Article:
From living in a tent to helping recovering addicts, life comes full circle
Rhonda grew up in a pleasant, white, middle-class suburban neighborhood in the 1960s, but her childhood was far from the American Dream. When she was only 3, her father was killed in the Vietnam War, leaving her mother to work long hours to provide for her and her two sisters.
“I don’t think my mom ever really recovered from that,” Rhonda, now in her 60s, recalls.
The loneliness only seemed to grow as she entered school. Being one of a few African Americans in her town, she quickly found that her options for friends were limited.
“It was a really hard environment, so I always felt like an outcast at school,” Ronda said. “I think that’s what led to me having problems with alcohol and addiction. I never felt like I really fit in. That’s what started my isolation.”
Searching for belonging in the wrong crowd, she took her first drink of alcohol when she was barely a teenager.
At the age of 23 Rhonda knew she had to get away from her toxic community. She moved to Cleveland and completed a nine-month drug treatment program.
Soon, Rhonda had several successful jobs in hospitality and worked hard to complete her ultrasound tech degree. But her addiction kept coming after her. Finally, her disease cost her the job and licensure she loved so much.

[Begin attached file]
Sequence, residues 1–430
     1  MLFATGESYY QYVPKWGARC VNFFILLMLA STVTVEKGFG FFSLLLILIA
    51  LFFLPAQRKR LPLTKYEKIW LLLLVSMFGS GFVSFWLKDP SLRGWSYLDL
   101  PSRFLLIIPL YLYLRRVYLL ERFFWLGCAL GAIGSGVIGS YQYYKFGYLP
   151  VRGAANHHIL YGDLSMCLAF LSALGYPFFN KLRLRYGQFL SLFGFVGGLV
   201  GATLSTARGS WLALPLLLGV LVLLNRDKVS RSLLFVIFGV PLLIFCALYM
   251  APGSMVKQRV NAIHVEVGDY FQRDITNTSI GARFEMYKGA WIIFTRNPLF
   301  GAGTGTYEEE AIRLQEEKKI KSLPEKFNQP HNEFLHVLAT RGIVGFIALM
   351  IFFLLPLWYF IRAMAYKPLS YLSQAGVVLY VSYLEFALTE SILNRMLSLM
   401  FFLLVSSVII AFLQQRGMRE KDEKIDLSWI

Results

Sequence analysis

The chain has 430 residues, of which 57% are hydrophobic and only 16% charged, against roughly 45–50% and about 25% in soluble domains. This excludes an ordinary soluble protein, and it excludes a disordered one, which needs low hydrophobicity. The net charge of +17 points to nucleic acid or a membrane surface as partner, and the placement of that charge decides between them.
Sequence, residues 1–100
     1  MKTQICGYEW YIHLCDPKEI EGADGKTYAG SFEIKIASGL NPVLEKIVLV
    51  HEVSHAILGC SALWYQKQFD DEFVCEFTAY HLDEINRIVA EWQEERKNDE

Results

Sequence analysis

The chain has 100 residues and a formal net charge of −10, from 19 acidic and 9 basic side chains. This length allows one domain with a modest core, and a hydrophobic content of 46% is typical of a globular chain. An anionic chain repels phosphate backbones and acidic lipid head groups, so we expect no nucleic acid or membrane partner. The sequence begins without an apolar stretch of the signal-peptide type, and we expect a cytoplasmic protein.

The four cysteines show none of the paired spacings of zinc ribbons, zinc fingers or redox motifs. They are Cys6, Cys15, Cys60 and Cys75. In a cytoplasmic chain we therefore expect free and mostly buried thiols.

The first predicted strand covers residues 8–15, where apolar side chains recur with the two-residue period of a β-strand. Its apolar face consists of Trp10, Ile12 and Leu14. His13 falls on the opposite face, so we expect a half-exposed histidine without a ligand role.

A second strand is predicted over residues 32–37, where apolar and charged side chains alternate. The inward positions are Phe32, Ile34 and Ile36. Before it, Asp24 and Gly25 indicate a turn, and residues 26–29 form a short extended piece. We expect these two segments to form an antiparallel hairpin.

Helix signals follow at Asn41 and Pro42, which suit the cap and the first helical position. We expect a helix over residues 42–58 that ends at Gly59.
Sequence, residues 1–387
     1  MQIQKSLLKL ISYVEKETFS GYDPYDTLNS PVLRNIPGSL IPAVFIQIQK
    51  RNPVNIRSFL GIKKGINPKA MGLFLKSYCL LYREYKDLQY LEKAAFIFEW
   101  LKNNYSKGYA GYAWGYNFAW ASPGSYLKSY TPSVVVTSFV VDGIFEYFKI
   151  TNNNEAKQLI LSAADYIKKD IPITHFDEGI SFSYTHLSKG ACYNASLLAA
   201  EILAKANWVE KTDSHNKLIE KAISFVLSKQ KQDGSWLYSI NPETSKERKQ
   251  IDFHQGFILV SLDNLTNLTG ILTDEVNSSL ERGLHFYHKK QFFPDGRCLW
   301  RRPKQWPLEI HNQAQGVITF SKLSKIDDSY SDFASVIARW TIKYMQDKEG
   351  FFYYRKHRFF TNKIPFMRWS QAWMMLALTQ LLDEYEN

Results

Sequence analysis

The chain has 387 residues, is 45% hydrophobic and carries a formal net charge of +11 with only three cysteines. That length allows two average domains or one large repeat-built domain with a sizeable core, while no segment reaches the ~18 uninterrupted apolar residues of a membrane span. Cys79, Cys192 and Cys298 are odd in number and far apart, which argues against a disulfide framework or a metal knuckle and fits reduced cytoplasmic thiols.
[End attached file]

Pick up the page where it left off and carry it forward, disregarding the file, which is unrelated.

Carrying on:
At her lowest point she found herself homeless and living in a tent by the Cuyahoga River.
How Addiction Fuels Homelessness
Rhonda’s story is unique, but her cause of crisis is all too common. A study by The National Coalition for the Homeless has found that 38% of homeless people are alcohol dependent, and 26% are reliant on other harmful chemicals. Stereotyping all people experiencing homelessness as addicts should be avoided, but there is no doubt that addiction increases the risk of homelessness.
Substance abuse leads to a wide variety of consequences that can spiral into housing instability. Addiction fuels job loss, physical complications, criminal activity, depression, financial struggles, and most importantly, relational chaos.
An emerging understanding of the causes of homelessness is leading experts to say that people do not become homeless when they run out of money – they become homeless when they run out of relationships.
When Rhonda had burned all her bridges, she eventually turned to Laura’s Home Women’s Crisis Center, a program for women and children experiencing homelessness in Cleveland. Her first stay at Laura’s Home was in 2017. She went through the program and eventually left feeling confident she was ready for the world.
Sadly, her addiction won out and she found herself out of options once again. She called Laura’s Home to see if they’d give her a second chance. They did, and this time, thanks to the unique individualized program, Laura’s Home gave Rhonda the time she needed to truly heal. Today, she is thriving.
Laura’s Home is Removing the Barriers to Care
For many of the women who come to Laura’s Home Women’s Crisis Center, being in a safe, structured environment isn’t enough. Case Manager Marsha Krost explains that women suffering from addiction need an extra level of care.